For more chickens than I can count, I tried to make sense of things. And stuff too. Like jamming canned, colored dough through a pasta press. Almost everything looks better when flattened and cut with uniform lines. But the two birds in the bush cackled and the one in my hand? Gone. I was grasping nothing. Maybe at straws of such exquisite wavelengths they slipped undetected between my cones and rods. The clocks ticked asynchronously. Microwave trays performed their slouched turns toward Bethlehem. And none of it amounting to a hill of ancient grains. Now, in the ungodly quiet of the midday, you can hear the permafrost cracking. The barely dried-again scabs on your neck begging your chewed nails not to scratch at the polystyrene tickle in your throat.
You are writing behind a screen. Two screens. Some call them eyeballs. Somewhere behind them electrical charges speak in a silent voice that churns thought into word transferred to letter and back to word on paper or screen. Another screen. There is always something going on in the background. Some of it you control, most of it you don’t. And none of it is seen or understood, but we trust that the outcome will mostly speak to others. Does it speak in tongues? Will it slip in through their eyes and proceed through the reverse electrical transformation. Stored. Saved. A memory of what you said/wrote. Some say the world will end in fire. But really it will be noise. The endless cacophony of a billion voices and all those words scrambling to get a foothold over one another, desperate to find a friendly eye or a considerate ear to enter. Desperate to rest.
As a child, I liked to lie on my back on the bed and hang my head off the edge so that my vision was parallel with the floor and the whole house was essentially upside down. Then I would begin to imagine the ceiling as the floor and what it would be like to walk through this upside down house (all furniture being affixed in its original position, or, at least, not subject to gravity’s pull). A tiny curb-like hurdle stood between all passageways. What was once a stairway became a safety ramp with its less smooth cousin following overhead. Foyers or other, odd open spaces would sometimes create little open-topped box holes in which to rest or hide. It was as if the whole structure were new and all its accoutrements mere decorative stalactites. The familiar flipped into a more austere modernity full of flat planes and emphasized angles and lines.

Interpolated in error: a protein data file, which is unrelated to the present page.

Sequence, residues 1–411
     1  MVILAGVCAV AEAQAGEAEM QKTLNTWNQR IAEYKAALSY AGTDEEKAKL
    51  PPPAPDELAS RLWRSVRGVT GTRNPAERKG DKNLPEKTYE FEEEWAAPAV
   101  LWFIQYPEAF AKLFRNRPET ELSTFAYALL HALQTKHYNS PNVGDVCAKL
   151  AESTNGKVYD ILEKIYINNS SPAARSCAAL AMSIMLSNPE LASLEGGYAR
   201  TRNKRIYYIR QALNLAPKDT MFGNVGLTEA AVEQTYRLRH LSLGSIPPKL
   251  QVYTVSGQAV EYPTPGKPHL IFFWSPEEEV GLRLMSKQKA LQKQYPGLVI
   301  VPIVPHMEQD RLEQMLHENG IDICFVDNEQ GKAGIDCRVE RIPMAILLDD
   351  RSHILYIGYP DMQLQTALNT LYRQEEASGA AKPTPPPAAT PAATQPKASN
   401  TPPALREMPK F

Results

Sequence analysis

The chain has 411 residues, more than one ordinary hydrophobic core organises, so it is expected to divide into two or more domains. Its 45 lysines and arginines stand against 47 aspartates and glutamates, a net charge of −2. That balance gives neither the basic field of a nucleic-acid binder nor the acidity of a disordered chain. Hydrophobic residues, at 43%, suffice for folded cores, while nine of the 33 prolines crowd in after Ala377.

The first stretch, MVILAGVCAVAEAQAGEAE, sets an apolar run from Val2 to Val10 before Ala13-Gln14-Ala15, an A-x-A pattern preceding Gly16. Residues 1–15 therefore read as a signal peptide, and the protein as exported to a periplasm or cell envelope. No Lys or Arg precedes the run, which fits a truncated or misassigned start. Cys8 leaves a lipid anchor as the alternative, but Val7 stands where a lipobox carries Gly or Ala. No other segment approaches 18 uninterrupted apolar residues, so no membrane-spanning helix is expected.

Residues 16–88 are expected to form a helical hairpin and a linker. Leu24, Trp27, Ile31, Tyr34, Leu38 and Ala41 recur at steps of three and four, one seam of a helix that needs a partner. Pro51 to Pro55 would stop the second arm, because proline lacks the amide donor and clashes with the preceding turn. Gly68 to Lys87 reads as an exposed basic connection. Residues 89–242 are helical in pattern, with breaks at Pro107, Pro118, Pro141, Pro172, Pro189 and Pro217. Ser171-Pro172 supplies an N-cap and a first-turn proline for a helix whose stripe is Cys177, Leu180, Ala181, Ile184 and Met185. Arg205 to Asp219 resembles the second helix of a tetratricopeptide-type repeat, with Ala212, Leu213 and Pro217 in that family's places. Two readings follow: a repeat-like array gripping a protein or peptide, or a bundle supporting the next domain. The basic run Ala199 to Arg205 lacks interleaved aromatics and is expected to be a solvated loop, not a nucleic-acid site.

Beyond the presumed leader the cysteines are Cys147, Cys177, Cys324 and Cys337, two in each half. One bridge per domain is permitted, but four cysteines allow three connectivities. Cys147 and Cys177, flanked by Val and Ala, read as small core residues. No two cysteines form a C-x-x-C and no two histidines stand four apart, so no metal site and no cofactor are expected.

So simple a means to change one’s perspective and yet time erodes this skill. Devours it slowly and invisibly like termites eating a whole house. Until you’re stuck. Your vision is locked. Your reality is a solid, unchanging structure to which you may or may not be enamored. You can no longer walk on the ceiling. Forever, the floor has claimed you as its own. Permanence. An illusion that has become your reality.
Maybe you give into this. Maybe, instead, you awkwardly mount the bed, roll to your back… You hang your head off the edge wanting to recapture something you can’t quite remember. But the vertigo kicks in. Nausea. No longer dependent on your nose, your glasses slip off and clatter to the floor. You can’t breathe. It feels like you’re drowning. You’re either dieing or it’s a panic attack. You roll back over and gasp for air. Slowly, things right themselves. Your heart slows back to its normal steady beat. The vertigo recedes. Your throat relaxes.
If your hearing were better, you could hear the humming chorus of a trillion satiated termites.